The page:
ANKARA 

Social media platforms process the data of billions of users through artificial intelligence, and as a consequence, users are exposed to targeted advertisements and other content.

Although personalized content and advertisements keep technology companies and social media platforms alive commercially, the increasing use of these platforms for the processing of personal data has become uncomfortable for the end-users, Deniz Unay, a social media expert, told Anadolu Agency in an interview.

He said that the end-users’ discomfort with personalized content and advertisements have also attracted the attention of research companies and non-governmental organizations recently.

Unay, citing the survey conducted by Amnesty International together with Global Witness in France and Germany with the participation of 2,000 social media users, said the study shows that people wouldn’t want to be targeted on topics such as income, health, political views, sexual orientation and religious views.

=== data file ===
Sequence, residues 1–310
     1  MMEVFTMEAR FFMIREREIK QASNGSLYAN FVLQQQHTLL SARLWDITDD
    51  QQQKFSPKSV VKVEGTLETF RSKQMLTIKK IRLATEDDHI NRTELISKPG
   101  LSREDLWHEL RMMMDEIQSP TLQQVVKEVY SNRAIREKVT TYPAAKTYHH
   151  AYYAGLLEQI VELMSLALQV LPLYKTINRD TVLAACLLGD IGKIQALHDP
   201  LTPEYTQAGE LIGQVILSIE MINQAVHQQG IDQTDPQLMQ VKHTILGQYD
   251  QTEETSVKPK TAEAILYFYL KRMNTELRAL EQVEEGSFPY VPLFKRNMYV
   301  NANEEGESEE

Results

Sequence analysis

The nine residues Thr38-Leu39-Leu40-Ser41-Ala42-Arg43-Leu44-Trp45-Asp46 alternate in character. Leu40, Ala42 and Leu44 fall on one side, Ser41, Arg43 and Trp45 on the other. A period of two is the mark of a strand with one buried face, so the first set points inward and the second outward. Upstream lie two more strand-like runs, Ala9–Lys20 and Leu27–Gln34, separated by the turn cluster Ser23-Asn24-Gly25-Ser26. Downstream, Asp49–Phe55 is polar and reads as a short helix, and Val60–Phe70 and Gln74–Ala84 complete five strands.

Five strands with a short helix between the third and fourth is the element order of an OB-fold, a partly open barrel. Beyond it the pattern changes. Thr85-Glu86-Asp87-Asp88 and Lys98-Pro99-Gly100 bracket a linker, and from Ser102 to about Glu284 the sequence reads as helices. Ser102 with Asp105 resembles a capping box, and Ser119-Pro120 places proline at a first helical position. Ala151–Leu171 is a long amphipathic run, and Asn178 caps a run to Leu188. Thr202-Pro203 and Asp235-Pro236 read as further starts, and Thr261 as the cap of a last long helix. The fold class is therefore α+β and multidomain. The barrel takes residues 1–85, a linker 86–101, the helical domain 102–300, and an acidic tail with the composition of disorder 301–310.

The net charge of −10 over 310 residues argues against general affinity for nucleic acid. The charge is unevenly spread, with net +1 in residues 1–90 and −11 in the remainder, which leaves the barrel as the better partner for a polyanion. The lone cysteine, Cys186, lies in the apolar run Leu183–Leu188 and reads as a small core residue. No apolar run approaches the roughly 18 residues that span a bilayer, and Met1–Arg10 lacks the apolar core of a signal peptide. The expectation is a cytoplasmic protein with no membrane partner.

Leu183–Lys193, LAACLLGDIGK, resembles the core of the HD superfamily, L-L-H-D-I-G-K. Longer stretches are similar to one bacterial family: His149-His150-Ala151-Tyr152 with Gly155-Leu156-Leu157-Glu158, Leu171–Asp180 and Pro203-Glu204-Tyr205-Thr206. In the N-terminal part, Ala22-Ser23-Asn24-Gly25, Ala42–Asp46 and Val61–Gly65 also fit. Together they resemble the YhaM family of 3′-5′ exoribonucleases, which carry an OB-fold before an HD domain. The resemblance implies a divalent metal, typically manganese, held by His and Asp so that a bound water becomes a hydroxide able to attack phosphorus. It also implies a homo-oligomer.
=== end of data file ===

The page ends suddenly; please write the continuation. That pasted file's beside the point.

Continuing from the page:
The survey indicated that while 87% of the participants wouldn’t want to be targeted on income and health issues, 84% of them are not comfortable with whom they voted for at the last election.

As 81% of the participants said that they don’t want to be targeted on sexual orientation and religious views, 79% of the participants underlined that they wouldn’t be targeted on personal events in their life such as marriage, pregnancy, bereavement.

Race or ethnicity is another issue that 78% of survey participants are uncomfortable with.

“In this research, more than 75% of the participants think that it is absolutely necessary to take precautions and not allow the collection of data on matters related to private life, such as recording, using, and monitoring their personal data,” he said.

He underlined that majority of people who use the internet and social media on mobile devices think they are being watched and recorded by technology companies and governments.

Unay went on to say, “This annoying feeling of being watched leads users to unsafe areas such as VPN and DeepWEB.”

Should states monitor internet users?